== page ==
What are we to make of this? Well, the mother wants us to believe that her autonomously educated son was not too hot at maths at the age of thirteen and that a local authority inspector would have been horrified at his standard in this subject. But then look what happened; he went on to become the youngest ever entrant at the Manchester School of Medicine! Curious that she omits to mention that the boy had already passed a GCSE in mathematics at the age of twelve, three or four years earlier than the usual age that this is taken in schools. The reality is that far from being horrified at his attainment in maths, any inspector would have been extremely impressed. This can hardly have been an innocent mistake on the part of the mother; she knew perfectly well when she was talking about how horrified an inspector would have been, that her son took his GCSE in this subject at twelve. She tells us here that he had not, at the age of thirteen, decided that maths was an important thing in his life, when in fact he chose to pursue the subject and take a GCSE in it at twelve!
The result of this sort of deceit is that parents whose teenagers are not doing well at maths or reading are lulled into believing that it does not matter. Just look! Here is a child who is a complete duffer at maths when he is thirteen and then a year later, he is studying it at A level! In the course of a year, he has caught up with and overtaken the fourteen year-olds at school. Nonsense like this can be very damaging for parents who don’t realise that they should actually be concerned about children unable to read at twelve or carry out basic arithmetical operations at thirteen. They are enabled to kid themselves that some miracle will happen and that their children will soon catch up without any teaching on their part.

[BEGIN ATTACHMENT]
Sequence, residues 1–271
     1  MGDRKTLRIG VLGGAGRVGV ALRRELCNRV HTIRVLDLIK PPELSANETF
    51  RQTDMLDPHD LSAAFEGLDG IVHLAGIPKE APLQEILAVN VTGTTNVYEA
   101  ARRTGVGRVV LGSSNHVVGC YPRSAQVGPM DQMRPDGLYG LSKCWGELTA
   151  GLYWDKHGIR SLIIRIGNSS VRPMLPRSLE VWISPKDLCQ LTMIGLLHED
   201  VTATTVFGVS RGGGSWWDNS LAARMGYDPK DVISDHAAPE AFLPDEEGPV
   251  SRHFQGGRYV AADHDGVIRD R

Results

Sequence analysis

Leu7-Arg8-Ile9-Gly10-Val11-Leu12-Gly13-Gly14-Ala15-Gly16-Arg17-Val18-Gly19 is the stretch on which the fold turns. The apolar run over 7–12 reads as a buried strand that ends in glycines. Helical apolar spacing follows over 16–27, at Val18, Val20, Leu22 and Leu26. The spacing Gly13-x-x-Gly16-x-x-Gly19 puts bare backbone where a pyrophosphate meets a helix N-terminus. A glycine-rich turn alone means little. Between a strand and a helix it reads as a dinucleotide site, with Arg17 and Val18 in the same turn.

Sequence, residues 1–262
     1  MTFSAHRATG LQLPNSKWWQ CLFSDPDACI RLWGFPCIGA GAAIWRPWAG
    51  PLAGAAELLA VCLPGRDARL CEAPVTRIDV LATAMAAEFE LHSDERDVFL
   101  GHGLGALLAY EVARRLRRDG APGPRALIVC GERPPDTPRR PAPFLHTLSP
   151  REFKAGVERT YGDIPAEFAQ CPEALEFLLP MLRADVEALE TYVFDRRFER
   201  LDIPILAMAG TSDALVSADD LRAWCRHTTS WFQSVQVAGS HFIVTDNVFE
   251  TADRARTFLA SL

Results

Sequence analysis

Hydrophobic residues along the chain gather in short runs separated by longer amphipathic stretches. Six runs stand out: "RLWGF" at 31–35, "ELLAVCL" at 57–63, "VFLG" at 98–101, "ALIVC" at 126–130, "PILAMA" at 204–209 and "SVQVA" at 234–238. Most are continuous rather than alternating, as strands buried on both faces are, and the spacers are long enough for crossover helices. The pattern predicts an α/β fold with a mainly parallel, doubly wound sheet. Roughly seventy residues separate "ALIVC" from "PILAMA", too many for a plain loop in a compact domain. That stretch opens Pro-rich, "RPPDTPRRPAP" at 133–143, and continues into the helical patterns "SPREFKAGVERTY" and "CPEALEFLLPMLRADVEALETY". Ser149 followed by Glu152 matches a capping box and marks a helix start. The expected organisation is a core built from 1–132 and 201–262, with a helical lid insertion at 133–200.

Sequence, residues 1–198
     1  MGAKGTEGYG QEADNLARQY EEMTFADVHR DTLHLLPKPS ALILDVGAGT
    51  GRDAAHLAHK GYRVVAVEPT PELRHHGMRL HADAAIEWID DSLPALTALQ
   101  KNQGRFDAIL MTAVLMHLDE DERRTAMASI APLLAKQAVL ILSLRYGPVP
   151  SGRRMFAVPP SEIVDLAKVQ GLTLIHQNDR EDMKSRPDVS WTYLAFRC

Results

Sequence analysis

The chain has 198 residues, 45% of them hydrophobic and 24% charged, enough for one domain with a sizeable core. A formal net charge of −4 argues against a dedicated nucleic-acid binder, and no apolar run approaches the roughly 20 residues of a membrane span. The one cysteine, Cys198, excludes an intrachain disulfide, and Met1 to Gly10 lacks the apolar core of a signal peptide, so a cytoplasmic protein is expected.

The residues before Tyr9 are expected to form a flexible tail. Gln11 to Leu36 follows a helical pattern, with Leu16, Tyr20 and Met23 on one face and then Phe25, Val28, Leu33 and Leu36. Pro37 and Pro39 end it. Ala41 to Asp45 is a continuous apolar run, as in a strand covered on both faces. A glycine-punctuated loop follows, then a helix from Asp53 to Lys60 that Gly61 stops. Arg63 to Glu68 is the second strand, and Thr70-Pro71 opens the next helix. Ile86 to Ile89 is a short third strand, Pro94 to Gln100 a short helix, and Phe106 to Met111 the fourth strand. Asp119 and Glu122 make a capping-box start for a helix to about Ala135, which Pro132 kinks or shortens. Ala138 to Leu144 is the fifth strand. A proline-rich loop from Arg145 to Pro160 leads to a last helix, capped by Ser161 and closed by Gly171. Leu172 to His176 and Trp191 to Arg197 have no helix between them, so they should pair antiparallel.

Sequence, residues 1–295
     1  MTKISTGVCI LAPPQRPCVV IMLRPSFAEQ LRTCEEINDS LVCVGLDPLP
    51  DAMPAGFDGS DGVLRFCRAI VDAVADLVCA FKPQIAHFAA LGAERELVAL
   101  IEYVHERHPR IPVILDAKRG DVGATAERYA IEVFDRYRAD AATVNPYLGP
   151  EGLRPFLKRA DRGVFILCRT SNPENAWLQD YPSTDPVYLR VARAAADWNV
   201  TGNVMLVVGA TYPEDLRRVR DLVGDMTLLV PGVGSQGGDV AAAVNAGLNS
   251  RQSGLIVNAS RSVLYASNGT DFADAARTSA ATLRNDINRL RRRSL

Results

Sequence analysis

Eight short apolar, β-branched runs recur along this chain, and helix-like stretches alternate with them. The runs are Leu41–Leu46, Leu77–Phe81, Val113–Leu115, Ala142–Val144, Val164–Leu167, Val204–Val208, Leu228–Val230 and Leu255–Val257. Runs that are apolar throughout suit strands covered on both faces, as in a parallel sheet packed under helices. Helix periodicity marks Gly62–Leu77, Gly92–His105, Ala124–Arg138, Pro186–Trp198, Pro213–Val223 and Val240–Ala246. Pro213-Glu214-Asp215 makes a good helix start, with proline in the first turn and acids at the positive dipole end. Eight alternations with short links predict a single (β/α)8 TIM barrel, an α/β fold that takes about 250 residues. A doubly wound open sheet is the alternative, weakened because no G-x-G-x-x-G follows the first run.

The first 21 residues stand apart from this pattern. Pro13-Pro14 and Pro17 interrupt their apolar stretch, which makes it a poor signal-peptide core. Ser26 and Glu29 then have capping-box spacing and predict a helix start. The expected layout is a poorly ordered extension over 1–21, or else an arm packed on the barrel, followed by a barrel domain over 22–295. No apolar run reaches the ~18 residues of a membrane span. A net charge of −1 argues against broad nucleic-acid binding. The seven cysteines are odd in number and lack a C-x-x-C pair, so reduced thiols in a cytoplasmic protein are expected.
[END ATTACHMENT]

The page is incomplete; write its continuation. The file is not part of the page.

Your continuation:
Why does this bother me? I am hugely enthusiastic about home education. At the moment there are tens of thousands of home educated children in this country, but I would like to see the practice increase at least tenfold. I wish that hundreds of thousands of parents would take full responsibility for the education of their children and reject schools entirely. Educating children though is a full-time task and unless parents are prepared to devote their lives to it for ten or fifteen years, then they had better not attempt it at all. Those who undertake the enterprise believing that their children will be hopeless at maths at the age of thirteen and then suddenly whiz ahead and be at A level standard a year later, all under their own steam, are in for a terrible shock. Untruthful and deliberately misleading reports such as those we have looked at over the last few days are not helping matters. They present a distorted and wholly unrealistic view of home education. Any parents who decide to home educate after having read stuff like this are being set up to fail. Worse still, their children are being primed for failure and that really does bother me.